“I specialize in socializing cranky cats,” Roberto said, as he walked a small terrier around the Friends of the Manchester Animal Shelter facility on a recent Friday afternoon. “I have a good technique.”
 
A lifelong animal lover, Roberto said he spends as much time as possible helping animals in need. He said he started his volunteer service at the Humane Society for Greater Nashua and immediately became hooked on helping animals entering the facility find comfort and, ultimately, a permanent home outside the shelter.
 
Like many of the animals he encountered at the shelter, Roberto said he was experiencing a rough patch in his own life when he got started. But the fulfillment he’s found in volunteering in Nashua and Manchester helped him stay upbeat and find meaning in each day of work.
 
“For me, this is like mental therapy,” he said.
 
Volunteers like Roberto combine with full-time and part-time staff and veterinarians to help make the lives of homeless animals as comfortable as possible. It can be challenging, considering some of the conditions the pets have experienced before coming to the shelter. Angelica Ladd, director of development at the Friends of the Manchester Animal Shelter, said a common misconception is that shelter life is traumatic for the animals.
 
Though the cages and close housing quarters can look off-putting, Ladd said, dogs, cats and other animals brought to the shelter receive regular feedings, exercise and medical care — all necessities lacking out on the street or in an unfit home.
 
“People will say, ‘My dog just got out of doggy jail,’” Ladd said. “But it’s better here than where they were before.”
 
Ladd said the shelter has a perfect example of that in Carl, a recent intake from the city that entered the shelter skinny and sickly. Though still a bit thin, Carl happily accepts treats from visitors and will even wag his tail.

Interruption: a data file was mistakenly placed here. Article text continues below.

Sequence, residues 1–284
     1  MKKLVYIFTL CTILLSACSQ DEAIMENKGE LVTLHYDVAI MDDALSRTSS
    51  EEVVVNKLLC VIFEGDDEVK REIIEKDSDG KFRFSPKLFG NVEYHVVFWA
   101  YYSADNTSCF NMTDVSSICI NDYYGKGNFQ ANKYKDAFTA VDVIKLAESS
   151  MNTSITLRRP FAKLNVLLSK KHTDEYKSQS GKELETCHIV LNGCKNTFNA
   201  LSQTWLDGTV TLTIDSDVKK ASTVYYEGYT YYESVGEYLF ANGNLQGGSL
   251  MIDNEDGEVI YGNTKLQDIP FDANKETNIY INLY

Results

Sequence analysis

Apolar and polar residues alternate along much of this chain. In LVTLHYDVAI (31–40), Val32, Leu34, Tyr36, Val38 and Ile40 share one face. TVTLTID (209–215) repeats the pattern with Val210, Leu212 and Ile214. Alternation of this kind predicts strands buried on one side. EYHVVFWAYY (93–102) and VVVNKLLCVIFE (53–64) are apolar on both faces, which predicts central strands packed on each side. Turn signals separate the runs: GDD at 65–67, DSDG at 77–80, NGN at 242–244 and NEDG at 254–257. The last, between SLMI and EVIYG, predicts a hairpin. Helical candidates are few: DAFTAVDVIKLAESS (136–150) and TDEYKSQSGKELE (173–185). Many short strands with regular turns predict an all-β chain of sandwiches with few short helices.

Shelley Greenglass, the shelter manager at the Friends of the Manchester Animal Shelter, said it’s always heartbreaking to see a sick, malnourished or stray animal, but the reward in reviving them and finding them a home is difficult to describe.
 
“I always wish I could read the minds of these animals,” she said. “When we take them, from the day they arrive here, they are cared for like they’re ours.”
 
Unlike the Manchester shelter, which is contracted with the city to take in stray pets, the Animal Rescue of League of New Hampshire in Bedford accepts surrendered animals. The dogs, cats, small animals and occasional horse enter the shelter in an intake room toward the back of the facility.
 
From there, any necessary veterinary work is done in house, including spay and neuter surgery. Then animals will go through a behavior evaluation to help determine what sort of future home would suit the pet best. Some categories include judging whether an animal would be comfortable living among other animals, it would be safe to have around children and how it interacts with humans in general.
 
Once an animal has cleared its evaluations, it can be moved into the shelter’s general population and adopted.
 
Danielle Snyder, the adoptions director at the Animal Rescue League, said a typical day at the shelter can bring a wide range of emotions. Watching down-on-their-luck pet owners forced to surrender a beloved dog or cat can be devastating, but the happy endings make it all worthwhile.
 
“For me, my favorite families to work with are ones that have never had a pet,” Snyder said. “When they leave with a first pet, it’s the most rewarding thing that I do.”
 
Snyder said one of the most important parts of the adoption process is finding the right match, for both the pet and the people. For example, a first-time pet owner would not be well suited for a dog with behavioral or health problems. Likewise, an elderly adopter may not be the best fit for a dog that requires a great deal of exercise, like one of the dogs currently at the shelter that goes on runs with volunteers that last for several miles.